Tuscola resident Jim Beeson has a passion for fly fishing, and it shows in his work. The artist creates unique flies and hardwood nets that not only are decorative pieces but functional as well.
Q: How long have you been creating? How did you get into making your creations?
A: I have been creating hardwood nets for fly fishing since 2004. I was introduced to fly tying and fly fishing when my dad gave me a fly-tying kit when I was about 8 years old. I took it up later in life after my children began college, and I have 22 years’ experience now. I started trout fishing in the Missouri Ozarks and have traveled to Arizona, Wisconsin and Michigan pursuing fish on a fly rod.
I learned fly tying from a local fly fisherman back in the 1950s. He taught me the basics of the art of fly fishing and fly tying at his home study. His adventures to Wisconsin in May to fly fish for brown trout were inspirational. Hunting also intrigued me, and I would use feathers from pheasant and fur from rabbits I had harvested.
Q: What was your first piece? What inspired you to create it?
A: My first piece was a trout net that was a kit. I figured if I could put a kit together, I would investigate and learn the art of building my own completely. I made several small 7-inch handle nets and began wood burning on them. Inspired by a fellow fly fisherman, I put scenes of May flies, fish and other embellishments on them.
Q: Describe your creative process.
A: I create flies usually during the afternoon. I have a spare bedroom I converted into a fly-tying area equipped with feathers, tools, beads, thread and a variety of other man-made materials. Hardwood nets are created in my garage, where I have a band saw, sander, drill and steamer to steam hoops and varnish. I use feathers on nets as well as a woodburning tool. I take pride in the artwork I create.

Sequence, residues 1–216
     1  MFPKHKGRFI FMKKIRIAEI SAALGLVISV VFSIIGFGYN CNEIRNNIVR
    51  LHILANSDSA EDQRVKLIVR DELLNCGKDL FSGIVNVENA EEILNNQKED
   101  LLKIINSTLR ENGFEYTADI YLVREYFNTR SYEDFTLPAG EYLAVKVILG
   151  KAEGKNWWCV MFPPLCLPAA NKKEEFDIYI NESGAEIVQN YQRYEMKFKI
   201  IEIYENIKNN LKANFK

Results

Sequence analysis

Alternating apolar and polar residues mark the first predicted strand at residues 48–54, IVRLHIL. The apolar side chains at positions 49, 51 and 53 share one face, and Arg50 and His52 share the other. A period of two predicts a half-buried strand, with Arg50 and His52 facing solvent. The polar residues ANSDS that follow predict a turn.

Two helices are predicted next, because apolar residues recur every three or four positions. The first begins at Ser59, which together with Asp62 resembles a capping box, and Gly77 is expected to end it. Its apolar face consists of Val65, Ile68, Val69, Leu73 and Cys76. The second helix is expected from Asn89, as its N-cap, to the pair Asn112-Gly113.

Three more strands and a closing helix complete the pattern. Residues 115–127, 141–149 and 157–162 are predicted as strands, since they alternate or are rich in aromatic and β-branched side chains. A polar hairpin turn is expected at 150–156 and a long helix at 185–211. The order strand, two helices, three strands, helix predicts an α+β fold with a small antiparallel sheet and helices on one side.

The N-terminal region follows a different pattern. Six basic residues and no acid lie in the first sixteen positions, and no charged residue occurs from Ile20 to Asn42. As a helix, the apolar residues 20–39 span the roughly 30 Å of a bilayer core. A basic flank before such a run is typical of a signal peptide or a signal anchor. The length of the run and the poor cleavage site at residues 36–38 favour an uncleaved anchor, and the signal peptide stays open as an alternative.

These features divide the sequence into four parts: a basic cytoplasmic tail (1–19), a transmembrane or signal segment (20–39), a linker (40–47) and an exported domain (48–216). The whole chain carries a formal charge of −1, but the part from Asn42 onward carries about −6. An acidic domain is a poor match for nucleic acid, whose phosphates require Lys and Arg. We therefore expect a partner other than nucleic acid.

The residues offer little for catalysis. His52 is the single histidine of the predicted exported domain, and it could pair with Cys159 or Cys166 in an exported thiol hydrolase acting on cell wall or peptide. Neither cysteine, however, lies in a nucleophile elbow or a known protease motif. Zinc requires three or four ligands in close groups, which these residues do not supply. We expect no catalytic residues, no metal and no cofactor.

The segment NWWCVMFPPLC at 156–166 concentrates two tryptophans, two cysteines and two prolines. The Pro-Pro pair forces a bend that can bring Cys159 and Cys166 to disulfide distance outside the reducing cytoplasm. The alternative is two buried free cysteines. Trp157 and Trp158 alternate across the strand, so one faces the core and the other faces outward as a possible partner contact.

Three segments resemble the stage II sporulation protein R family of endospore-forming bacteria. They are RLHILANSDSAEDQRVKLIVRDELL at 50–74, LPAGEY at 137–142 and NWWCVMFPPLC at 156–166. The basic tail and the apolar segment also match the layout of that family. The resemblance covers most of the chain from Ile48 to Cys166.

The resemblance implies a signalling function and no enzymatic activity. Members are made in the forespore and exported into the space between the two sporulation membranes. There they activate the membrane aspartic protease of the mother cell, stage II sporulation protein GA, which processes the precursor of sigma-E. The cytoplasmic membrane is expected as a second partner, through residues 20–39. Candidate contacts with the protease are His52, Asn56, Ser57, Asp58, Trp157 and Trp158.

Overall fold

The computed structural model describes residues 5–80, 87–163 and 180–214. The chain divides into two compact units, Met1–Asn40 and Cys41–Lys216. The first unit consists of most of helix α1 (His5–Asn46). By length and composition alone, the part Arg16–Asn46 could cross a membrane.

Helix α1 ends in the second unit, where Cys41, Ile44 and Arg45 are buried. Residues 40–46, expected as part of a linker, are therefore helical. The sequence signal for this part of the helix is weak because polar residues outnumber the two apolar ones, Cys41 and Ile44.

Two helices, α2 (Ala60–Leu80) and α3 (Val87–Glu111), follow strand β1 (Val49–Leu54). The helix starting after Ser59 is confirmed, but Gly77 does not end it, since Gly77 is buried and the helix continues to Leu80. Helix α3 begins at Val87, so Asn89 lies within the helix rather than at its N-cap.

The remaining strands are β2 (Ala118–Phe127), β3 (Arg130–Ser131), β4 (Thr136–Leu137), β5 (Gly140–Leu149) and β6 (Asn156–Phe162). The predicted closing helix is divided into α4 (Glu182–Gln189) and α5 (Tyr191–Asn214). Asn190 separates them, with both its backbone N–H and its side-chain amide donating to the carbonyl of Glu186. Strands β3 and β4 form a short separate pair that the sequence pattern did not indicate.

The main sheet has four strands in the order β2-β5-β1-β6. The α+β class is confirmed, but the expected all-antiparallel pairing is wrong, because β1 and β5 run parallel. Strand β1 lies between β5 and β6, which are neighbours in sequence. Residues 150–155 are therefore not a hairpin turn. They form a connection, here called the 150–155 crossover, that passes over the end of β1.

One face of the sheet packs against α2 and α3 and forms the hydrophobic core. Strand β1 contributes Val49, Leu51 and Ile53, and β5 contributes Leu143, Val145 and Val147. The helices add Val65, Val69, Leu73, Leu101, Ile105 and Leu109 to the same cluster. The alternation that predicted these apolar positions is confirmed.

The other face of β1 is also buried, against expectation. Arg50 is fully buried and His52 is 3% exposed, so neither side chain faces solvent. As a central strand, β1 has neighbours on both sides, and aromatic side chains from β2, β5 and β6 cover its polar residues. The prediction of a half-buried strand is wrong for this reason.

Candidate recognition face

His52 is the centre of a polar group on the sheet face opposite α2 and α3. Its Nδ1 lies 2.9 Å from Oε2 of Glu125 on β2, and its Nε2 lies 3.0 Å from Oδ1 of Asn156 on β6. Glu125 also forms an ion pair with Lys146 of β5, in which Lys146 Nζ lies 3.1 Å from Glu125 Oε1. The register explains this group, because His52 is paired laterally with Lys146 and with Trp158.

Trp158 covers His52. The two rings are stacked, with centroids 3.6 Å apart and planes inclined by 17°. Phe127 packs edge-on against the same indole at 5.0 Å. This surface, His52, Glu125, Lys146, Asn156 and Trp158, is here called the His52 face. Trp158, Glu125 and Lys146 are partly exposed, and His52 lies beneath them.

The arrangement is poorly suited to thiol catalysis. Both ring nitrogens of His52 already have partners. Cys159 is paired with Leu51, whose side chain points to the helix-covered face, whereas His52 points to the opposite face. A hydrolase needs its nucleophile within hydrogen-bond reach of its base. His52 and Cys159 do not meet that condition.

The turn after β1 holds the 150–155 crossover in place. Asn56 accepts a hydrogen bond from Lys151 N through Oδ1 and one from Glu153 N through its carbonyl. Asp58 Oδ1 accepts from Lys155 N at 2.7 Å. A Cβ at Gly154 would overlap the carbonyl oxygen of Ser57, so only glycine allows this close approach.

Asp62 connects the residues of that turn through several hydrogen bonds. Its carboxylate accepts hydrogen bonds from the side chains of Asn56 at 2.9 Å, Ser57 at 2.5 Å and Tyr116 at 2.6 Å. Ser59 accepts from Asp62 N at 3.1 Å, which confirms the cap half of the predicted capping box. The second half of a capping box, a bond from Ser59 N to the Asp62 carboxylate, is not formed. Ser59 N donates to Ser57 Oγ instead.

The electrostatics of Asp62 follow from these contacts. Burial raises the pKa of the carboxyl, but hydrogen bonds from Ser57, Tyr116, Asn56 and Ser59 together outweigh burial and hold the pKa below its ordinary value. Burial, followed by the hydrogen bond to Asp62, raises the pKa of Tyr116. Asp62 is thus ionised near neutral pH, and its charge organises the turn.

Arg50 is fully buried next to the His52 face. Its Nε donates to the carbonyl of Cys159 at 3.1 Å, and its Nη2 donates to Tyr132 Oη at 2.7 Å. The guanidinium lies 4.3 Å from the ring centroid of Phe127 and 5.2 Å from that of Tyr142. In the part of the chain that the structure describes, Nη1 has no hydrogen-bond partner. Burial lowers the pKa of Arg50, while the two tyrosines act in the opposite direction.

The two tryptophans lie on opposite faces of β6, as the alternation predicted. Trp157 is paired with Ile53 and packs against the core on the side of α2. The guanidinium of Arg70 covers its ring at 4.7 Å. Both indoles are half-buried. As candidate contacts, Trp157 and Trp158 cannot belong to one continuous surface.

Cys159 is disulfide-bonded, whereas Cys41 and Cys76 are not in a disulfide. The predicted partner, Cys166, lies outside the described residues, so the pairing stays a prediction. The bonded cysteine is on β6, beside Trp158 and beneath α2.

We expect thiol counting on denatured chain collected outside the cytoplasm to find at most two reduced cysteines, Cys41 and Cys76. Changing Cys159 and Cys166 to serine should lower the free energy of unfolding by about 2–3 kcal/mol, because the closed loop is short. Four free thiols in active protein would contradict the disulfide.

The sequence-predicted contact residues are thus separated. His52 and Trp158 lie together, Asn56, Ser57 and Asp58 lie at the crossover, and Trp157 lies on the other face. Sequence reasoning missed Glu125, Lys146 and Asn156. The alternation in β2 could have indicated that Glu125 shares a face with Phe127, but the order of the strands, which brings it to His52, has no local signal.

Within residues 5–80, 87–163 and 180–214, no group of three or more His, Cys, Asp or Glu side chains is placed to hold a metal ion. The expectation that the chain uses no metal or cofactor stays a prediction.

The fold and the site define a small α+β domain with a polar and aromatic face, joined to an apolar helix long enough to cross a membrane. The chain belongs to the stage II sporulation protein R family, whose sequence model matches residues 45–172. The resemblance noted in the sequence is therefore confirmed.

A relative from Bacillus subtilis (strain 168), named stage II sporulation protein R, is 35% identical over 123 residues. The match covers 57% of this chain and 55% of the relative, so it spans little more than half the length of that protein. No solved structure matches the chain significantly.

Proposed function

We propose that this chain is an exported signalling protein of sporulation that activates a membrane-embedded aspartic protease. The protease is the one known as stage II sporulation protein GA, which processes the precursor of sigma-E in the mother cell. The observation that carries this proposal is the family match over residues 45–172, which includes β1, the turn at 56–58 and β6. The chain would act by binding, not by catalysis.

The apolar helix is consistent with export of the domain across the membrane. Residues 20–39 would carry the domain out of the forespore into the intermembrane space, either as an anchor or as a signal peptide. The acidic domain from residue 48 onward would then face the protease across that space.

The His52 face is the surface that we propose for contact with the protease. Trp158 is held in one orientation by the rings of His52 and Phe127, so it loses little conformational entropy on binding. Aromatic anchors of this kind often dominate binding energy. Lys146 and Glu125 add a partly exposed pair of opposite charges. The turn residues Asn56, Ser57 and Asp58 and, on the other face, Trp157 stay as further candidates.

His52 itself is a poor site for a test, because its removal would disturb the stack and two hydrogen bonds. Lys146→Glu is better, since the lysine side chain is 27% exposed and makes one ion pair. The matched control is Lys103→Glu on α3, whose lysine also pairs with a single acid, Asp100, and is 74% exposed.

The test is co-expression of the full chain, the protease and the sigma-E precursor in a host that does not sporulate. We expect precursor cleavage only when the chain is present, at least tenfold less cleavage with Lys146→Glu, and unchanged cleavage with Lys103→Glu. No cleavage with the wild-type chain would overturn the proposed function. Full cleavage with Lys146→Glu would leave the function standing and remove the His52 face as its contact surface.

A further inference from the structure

Q: What drew you to your chosen medium?
A: When I was a child, I had a great interest in insects. I collected butterflies and insects, and labeled them and studied them. Watching my father fly fish kept my interest in what fish eat and how a person could catch them. My background is Scottish, Irish and English. A lot of our history in fly fishing came from our heritage in Scotland and England.
Q: What is your favorite part of the creative process? What is your least favorite part?
A: I enjoy coming up with a new pattern that works or inventing ways to use accessories of fly fishing. There are endless possibilities. I am excited about creating and talking about some aspect of fly tying or net making. Some people are not near as interested in a lost art form. I would say that is a drawback. In other parts of the country, it is a livelihood.
Q: What keeps you inspired/what inspires you?
A: I keep inspired by reading up on fly fishing. My aspiration is to continue to help others learn the art form of fly tying or net making and fly fishing, and to interest younger people in my endeavor.
Q: What do you do when you’re not making art?
A: I have been married almost 16 years . My wife and I are basically retired. I am a volunteer in my church; we attend small groups. I encourage people to live a full Christian life and help others succeed in life’s adventures. I am a member of VFW and also a commander of TK Martin post 10009. We try to help veterans as they return to work and civilian life, and we maintain a presence and membership in our community.
Don’t forget to visit Vintage Karma to check out Jim’s Featured Artist display!